Do you remember the first time you heard the word “pickleball?” By now, most people know the funny word is a sport that has taken the world by storm. April is National Pickleball Month, and there is no doubt local players will be celebrating.
Pickleball combines components of tennis, badminton and table tennis and can be played indoors or outdoors on a badminton-size court with a modified tennis net. Players use a paddle and plastic ball with holes, and they can play as doubles or singles. The game is perfect for all ages and skill levels.
Although the sport has gained major momentum in the last few years, its origins date back to 1965, when U.S. Rep. Joel Pritchard from Washington and businessman Bill Bell sought to cure their families’ boredom, according to USA Pickleball’s website. Pritchard’s home on Bainbridge Island had an old badminton court but no equipment. The two families got creative and played with table tennis paddles and a perforated plastic ball. Pritchard and Bell introduced the new game to a neighbor, Barney McCallum, and the three men developed family-friendly rules that closely resembled badminton. It’s been said Pritchard’s wife, Joan, named the sport in reference to the leftover rowers who raced for fun in local “pickle boat” crew race competitions.
Since 1965, pickleball has experienced many milestones, but 2020 was a pivotal year for growth. During the COVID-19 pandemic, team sports were not advised, and many people swarmed to pickleball as a socially distant way to stay active and be outdoors. By February 2023, USA Pickleball memberships had reached 70,000, after a nearly 30% increase in 2022. This year, the Sports and Fitness Industry Association (SFIA) named pickleball the fastest-growing sport in America for the third consecutive year, with 8.9 million players — up from 4.8 million in 2022 — in the United States.
The explosion in popularity for pickleball has not missed Cobb County. Daneen England and Wendy Brown are local instructors whose lives have been impacted by pickleball.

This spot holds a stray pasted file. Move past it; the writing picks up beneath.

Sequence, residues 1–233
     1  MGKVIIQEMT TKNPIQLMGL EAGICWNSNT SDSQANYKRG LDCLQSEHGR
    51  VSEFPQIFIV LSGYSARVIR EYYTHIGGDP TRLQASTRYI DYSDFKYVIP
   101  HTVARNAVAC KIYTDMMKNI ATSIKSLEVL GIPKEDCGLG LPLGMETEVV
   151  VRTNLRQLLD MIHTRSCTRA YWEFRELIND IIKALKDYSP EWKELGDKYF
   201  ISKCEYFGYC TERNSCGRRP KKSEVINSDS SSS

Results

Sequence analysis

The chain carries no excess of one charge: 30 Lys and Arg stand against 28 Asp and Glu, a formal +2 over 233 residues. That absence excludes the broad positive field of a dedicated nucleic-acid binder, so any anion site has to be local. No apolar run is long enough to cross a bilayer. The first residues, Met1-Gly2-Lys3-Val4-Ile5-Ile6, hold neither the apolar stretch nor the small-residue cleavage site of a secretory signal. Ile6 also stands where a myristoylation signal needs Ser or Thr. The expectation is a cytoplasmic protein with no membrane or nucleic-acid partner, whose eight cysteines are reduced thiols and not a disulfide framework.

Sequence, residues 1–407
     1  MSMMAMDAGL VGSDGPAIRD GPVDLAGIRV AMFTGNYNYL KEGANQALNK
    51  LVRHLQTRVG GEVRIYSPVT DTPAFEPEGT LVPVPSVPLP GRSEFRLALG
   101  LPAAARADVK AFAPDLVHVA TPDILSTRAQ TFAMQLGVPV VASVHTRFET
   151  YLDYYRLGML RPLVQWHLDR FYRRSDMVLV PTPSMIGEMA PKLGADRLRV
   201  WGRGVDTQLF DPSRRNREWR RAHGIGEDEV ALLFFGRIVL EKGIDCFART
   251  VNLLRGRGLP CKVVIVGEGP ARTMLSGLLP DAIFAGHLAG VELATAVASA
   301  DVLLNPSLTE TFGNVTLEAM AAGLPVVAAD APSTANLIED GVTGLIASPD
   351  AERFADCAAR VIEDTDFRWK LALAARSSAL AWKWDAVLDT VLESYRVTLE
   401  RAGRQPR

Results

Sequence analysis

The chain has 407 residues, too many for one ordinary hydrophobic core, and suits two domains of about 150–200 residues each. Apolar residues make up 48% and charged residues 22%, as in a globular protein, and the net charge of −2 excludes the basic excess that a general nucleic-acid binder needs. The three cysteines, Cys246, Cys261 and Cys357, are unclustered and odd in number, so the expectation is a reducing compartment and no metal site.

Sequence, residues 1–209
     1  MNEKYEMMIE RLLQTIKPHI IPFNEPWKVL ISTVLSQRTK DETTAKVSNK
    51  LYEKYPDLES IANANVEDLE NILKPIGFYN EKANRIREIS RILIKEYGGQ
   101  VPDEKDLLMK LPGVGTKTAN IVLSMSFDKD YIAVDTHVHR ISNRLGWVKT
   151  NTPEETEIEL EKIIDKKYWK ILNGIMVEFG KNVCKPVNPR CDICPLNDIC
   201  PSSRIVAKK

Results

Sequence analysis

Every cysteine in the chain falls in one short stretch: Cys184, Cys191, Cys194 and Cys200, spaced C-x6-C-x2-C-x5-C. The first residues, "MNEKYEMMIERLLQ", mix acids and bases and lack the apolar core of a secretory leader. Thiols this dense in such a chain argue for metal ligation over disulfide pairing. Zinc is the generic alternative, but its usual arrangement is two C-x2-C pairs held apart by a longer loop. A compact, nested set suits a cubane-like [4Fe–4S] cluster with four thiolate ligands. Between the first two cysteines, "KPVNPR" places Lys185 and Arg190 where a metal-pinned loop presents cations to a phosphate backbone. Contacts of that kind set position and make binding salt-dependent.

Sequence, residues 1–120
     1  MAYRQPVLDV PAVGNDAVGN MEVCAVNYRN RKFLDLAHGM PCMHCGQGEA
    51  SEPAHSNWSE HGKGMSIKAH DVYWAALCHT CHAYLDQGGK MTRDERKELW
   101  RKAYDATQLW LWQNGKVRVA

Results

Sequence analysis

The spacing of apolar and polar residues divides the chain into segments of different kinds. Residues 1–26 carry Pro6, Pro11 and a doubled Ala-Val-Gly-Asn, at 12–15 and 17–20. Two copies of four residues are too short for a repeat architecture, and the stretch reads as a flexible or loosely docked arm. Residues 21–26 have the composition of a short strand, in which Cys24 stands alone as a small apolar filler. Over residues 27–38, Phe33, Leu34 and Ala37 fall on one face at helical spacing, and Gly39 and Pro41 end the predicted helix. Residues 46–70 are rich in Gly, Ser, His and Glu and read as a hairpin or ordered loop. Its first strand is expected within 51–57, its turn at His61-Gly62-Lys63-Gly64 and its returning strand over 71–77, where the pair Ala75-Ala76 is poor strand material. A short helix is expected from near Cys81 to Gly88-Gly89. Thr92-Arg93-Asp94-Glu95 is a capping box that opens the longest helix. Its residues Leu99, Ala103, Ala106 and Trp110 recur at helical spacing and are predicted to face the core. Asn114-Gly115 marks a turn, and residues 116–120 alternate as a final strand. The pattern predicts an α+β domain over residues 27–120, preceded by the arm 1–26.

For England, an instructor at the Acworth Community Center who has played for five years and taught for four years, the sport changed her life. She said she was an alcoholic, and when she decided to quit drinking, she discovered pickleball, which helped her during this tough time. She lost 35 pounds, sold her Amazon business and dedicated herself to the game that had such a tremendous impact on her life. When the community center opened in 2019, she began coaching there, and she’s been sober since.
England also has witnessed the intergenerational power of pickleball and recalled a recent scene at the community center. “One court had two boys who were about 12 years old, and the other had two women who were maybe in their late 50s,” she said. “After playing separately for a while, the women invited the boys to play, and they had a wonderful time.” The pace of the game makes it a great option for players of all ages.
Pickleball is a social sport that helps people connect and reconnect. Brown, England’s best friend, is an instructor at the Kennesaw Recreation Center at Adams Park. The former tennis player got involved in the sport about seven years ago after seeing people playing on courts near her home. A neighbor invited her to play and eventually introduced her to his friend, England. When they met, they realized they had been neighbors when they were kids, until England’s family moved away. Pickleball not only helped Brown meet her neighbors but also enabled her and England to rekindle their friendship.
As it did for England, pickleball also helped Brown through a very trying time. “Not long after I was introduced to the game, my son-in-law passed away suddenly,” she said. “My daughter had a 2-year-old and was pregnant with her second child.” Brown stepped away from the game for several months to help her daughter, but when she returned, it helped her work through her emotions and feel joy again. And her fellow players showered her with love and support. “The pickleball community is just special,” she said.
Brown recognized the opportunity to share pickleball with her young grandchildren, so she set up a court in her garage for them to play together. “I just know this is something we can grow together with,” she said. “If they think about me, they think about pickleball.”
- Acworth Community Center
6 basketball/pickleball courts
Free open play Mondays-Fridays, 8 a.m.-2 p.m.
Lessons Wednesdays and Thursdays
- Recreation Center at Adams Park
9 pickleball courts
Open gym Mondays-Saturdays, 9 a.m.-2 p.m. (Wednesdays until 9 p.m.)
$10 for city of Kennesaw residents, $20 for nonresidents
– Nicole Smith is a writer, book influencer, dog mom and plant enthusiast living in Kennesaw. Connect with her on Instagram at booked4joy.
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